By Premilla Nadasen
The U.S. Supreme Court just made a good decision by not making a decision. It declined to hear a case brought by Agriprocessors, the Kosher meatpacking company. By so doing, it has assured undocumented workers the right to organize.
Agriprocessors has received front-page headlines for its alleged hiring of undocumented workers, including several underage children, in Postville, Iowa. The former CEO of Agriprocessors, Sholom Rubashkin, has been indicted on charges of conspiracy to harbor undocumented aliens for profit, aiding and abetting document fraud, aiding and abetting aggravated identity theft, and bank fraud.
But the case that went up to the Supreme Court dealt with a different situation. It involved a bitter union struggle on the Brooklyn waterfront. In 2005, 20 workers at a meat distribution facility owned by Agriprocessors decided to join the United Food and Commercial Workers Union. After the union initiated a strike, the company promptly fired most of the workers, claiming that they were undocumented. The National Labor Relations Board supported the union and took Agriprocessors to court.
In January, a federal appellate court ruled in favor of the workers, citing a 1984 Supreme Court decision that the National Labor Relations Act protected undocumented workers. The company petitioned the Supreme Court to hear the case and overturn the 1984 decision.
The Supreme Court’s proper refusal to reconsider the decision of the lower court has significant consequences.
The question of immigration is a pressing national issue, with an estimated 12 million undocumented immigrants within our national borders the vast majority of whom come here in search of work. They are hired because they are a source of cheap and some may argue compliant laborers. Yet immigrant workers seek the same labor protections as other American workers including safe working conditions, health insurance, minimum wage and overtime pay.
Labor rights are human rights. Workers of whatever background, nationality or legal status should never be subject to extreme exploitation by employers. When workers within our borders are undocumented and have no recourse to defend or protect themselves, employers are more likely to violate their human rights. If workers are denied the right to speak in their own interests, such abuses will undoubtedly multiply.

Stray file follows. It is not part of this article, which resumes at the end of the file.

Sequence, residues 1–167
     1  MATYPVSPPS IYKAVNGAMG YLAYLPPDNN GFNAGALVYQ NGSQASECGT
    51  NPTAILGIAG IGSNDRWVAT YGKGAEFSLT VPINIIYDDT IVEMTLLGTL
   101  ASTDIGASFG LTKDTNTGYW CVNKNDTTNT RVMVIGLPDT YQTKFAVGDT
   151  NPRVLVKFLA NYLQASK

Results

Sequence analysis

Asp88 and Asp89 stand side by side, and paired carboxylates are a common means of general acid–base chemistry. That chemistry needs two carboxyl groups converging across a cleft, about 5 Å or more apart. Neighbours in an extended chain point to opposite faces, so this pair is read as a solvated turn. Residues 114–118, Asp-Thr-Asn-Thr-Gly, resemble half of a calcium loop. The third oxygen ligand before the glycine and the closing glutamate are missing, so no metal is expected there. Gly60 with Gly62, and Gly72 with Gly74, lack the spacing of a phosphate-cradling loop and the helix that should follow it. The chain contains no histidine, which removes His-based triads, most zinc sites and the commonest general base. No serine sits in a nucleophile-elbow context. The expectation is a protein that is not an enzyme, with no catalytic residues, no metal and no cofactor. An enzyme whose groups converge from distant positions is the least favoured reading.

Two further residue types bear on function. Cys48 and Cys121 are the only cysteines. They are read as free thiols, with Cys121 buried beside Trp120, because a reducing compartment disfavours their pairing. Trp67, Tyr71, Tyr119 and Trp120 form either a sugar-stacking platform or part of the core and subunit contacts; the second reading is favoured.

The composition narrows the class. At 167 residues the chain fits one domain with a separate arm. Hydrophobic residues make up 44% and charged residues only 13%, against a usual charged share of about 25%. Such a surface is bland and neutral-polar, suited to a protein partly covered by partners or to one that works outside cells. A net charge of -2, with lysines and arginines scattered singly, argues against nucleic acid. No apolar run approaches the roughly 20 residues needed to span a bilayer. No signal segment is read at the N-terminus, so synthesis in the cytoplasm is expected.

Granting undocumented workers their human rights is also good for American workers. When undocumented workers organize, they raise labor standards and thus slowly begin to close the gap between themselves and American workers. If that gap narrows, employers have fewer reasons to seek out undocumented workers over legally resident workers.
The Agriprocessors case demonstrates the interconnectedness of immigrant rights and worker rights. Agriprocessors was allegedly more than willing to flout the law and hire undocumented workers until they began to unionize, demand higher wages and assert their rights.
By affirming the rights of undocumented workers to organize, the Supreme Court sets us on a path of easing the problem of immigration. The surest way to bridge the divide between undocumented workers and other workers is to guarantee undocumented employees the right to organize.
It’s a fundamental right, and it will have the effect of raising wages and labor standards across the board.
Premilla Nadasen is an associate professor of history at Queens College, City University of New York, and author of “Welfare Warriors: The Welfare Rights Movement in the United States” (Routledge, 2005). She can be reached at email@example.com.